The Vega was modified yet again to accommodate large-format survey cameras looking down through a port in the belly. In addition, DeGarmo had the engine modified with a 10:1 supercharger, which allowed the plane to operate quite well at altitudes as high as 26,000 feet (they didn’t bother with a cabin heater, however, and pilot and cameraman had use arctic-style cold-weather suits. The Vega was used primarily for aerial mapping, including producing the first complete set of aerial photographs of the State of Rhode Island in 1939. Before this, all maps of the state relied on surveys performed in the mid-1800s.

Standard kept the plane busy until selling it off in 1943 to well-known broker Charlie Babb. It then drifted through several different owners until being picked up by pilot-adventurer Jimmy Angel in 1944. By this time in his life, Angel was spending most of his time in South America, looking for gold, and using planes to do so. Angel was credited by the media in “discovering” Angel Falls, the highest waterfalls in the world, though he was far from being the first to discover them...they were well-known to locals for years.

Angel and partner Jack Baker took the Vega to Nicaragua, where it was re-registered AN-ABL. It’s uncertain if they used the mods incorporated by Standard for photo surveys for their search for gold, or just used the plane for transport. The end came on February 19, 1945 when the plane was wrecked, and was subsequently written off.

Note: This article was developed from a number of sources, but the chief source is the extensive article at the D-M Register website on this plane. The site includes several technical articles on Standard and their photogrammetric techiques.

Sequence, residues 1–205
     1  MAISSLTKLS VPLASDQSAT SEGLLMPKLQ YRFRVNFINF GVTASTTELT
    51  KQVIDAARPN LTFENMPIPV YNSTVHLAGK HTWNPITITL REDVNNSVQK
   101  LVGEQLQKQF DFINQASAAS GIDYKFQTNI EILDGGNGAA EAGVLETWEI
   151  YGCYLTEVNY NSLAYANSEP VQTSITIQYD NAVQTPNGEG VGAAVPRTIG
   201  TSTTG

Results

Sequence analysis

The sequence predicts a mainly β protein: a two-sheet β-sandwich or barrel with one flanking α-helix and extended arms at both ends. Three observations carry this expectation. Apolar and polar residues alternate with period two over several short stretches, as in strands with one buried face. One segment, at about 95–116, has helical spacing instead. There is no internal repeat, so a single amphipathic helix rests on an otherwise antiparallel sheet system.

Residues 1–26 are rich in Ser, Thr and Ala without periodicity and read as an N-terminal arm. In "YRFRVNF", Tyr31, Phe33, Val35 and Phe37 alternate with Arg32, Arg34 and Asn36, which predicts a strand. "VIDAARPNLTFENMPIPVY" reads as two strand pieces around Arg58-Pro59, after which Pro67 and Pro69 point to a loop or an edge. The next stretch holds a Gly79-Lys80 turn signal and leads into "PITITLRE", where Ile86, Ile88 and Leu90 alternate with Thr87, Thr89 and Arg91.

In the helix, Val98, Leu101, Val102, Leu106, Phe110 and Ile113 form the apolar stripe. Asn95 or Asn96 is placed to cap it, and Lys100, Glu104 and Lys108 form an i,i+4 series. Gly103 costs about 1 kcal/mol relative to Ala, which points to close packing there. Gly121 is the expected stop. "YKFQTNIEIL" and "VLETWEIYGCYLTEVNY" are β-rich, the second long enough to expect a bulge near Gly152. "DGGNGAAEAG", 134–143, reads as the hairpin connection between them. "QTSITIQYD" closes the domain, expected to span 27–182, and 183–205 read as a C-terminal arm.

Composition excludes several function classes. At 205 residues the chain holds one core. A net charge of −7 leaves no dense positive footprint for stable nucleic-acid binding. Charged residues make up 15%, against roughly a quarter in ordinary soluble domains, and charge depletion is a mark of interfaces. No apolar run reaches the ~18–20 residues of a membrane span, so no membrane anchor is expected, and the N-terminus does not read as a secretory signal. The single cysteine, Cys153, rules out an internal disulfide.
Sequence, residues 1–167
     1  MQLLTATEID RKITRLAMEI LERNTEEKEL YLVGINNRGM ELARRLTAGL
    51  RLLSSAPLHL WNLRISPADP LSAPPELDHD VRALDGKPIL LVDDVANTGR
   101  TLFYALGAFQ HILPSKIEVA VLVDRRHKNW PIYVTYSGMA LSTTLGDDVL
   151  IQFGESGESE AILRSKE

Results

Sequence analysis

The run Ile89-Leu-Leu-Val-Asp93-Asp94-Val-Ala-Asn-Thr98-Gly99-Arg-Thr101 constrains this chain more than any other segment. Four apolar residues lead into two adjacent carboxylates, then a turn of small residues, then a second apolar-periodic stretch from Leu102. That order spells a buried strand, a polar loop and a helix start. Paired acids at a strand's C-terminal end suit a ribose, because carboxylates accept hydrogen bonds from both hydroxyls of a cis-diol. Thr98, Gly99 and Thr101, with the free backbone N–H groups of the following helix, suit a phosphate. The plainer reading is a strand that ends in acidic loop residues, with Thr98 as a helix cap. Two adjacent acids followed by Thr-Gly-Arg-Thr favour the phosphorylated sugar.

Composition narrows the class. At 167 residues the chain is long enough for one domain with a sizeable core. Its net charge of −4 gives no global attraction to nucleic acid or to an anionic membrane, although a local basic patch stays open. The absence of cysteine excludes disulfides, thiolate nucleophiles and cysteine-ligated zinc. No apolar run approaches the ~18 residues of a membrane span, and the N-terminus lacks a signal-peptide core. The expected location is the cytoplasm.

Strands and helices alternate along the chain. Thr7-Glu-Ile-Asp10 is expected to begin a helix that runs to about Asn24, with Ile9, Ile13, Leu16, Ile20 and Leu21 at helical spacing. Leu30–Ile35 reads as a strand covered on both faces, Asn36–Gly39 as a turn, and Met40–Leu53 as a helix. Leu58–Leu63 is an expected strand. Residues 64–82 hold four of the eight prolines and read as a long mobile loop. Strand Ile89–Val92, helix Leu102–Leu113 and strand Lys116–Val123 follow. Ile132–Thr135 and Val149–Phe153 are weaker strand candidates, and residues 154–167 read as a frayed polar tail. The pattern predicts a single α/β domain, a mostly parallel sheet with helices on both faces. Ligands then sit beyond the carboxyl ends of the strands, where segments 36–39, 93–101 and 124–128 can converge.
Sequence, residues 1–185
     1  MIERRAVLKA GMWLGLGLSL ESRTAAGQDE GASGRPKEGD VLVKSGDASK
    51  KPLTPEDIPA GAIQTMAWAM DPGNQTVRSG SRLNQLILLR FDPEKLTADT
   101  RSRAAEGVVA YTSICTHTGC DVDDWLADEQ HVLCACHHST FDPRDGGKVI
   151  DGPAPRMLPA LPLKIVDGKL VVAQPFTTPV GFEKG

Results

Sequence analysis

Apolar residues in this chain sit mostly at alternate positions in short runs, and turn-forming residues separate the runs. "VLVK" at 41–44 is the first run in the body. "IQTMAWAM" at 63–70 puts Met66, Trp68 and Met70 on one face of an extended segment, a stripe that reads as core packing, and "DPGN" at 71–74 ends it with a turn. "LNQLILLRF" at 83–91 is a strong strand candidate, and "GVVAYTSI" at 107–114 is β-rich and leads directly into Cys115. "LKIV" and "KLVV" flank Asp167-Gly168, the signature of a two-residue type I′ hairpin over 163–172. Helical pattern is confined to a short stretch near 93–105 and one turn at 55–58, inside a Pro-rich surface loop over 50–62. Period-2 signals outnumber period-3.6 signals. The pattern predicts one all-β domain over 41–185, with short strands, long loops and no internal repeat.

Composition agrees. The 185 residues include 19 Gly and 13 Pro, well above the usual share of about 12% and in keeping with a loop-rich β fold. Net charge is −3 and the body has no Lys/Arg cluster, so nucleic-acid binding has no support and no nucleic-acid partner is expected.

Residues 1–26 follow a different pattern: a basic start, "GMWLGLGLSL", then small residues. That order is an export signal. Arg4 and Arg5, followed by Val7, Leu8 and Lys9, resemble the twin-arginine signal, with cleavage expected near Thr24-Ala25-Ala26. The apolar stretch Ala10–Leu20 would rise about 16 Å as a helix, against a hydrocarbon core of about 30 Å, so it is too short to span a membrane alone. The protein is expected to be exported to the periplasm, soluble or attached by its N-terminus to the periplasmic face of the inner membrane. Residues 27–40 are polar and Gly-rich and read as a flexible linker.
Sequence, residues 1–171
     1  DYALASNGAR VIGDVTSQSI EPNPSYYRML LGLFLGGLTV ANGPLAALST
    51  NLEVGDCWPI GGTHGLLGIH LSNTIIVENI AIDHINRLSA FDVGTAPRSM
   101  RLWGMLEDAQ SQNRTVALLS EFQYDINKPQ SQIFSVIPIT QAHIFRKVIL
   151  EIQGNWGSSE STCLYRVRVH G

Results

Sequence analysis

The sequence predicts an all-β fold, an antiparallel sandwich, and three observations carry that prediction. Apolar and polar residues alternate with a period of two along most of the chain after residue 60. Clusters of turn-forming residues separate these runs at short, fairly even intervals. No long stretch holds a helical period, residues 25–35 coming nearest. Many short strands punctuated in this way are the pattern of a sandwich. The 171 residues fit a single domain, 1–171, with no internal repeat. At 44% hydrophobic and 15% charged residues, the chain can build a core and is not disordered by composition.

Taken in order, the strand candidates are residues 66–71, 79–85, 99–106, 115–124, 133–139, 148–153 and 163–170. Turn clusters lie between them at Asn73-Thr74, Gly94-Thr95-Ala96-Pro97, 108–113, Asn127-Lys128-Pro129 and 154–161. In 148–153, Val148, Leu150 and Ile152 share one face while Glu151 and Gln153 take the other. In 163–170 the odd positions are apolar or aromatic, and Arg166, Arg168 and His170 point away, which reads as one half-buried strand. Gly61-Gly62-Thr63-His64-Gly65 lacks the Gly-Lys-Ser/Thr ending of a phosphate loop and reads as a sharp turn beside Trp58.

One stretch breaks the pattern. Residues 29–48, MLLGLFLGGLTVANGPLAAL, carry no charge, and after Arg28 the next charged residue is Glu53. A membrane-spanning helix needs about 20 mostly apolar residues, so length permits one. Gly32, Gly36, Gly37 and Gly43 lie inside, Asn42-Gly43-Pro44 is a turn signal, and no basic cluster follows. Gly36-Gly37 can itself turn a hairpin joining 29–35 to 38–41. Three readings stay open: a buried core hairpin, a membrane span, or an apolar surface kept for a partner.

A Stout Ford

The history of Bill Stout's business efforts are deeply interwoven with those of Henry and Edsel Ford, which is reflected in today's photo of this Stout Airways Ford Trimotor.

Inscribed on the back: Mr. Jos. Andrews, Chicago, 8-1929.

Stout Air Services, established by William Stout in 1925, operated under a number of names, including the Detroit-Grand Rapids Airline and Detroit-Cleveland Airline as well as Stout Airways, Bill Stout originally designed the "Air Pullman", the forerunner to the Ford Trimotor, and then sold his aircraft manufacturing operation to Ford, while retaining his airline operation. And it shouldn't be confused with the Ford Air Transport Services, Ford's own airline, also established in 1925 and which started off flying Stout-built planes. Stout carried passengers, while Ford carried Ford car parts (at first) and then airmail starting in 1926. In 1928, Stout bought Ford's airmail contracts (CAM-6, Detroit-Cleveland and CAM-7, Detroit-Chicago).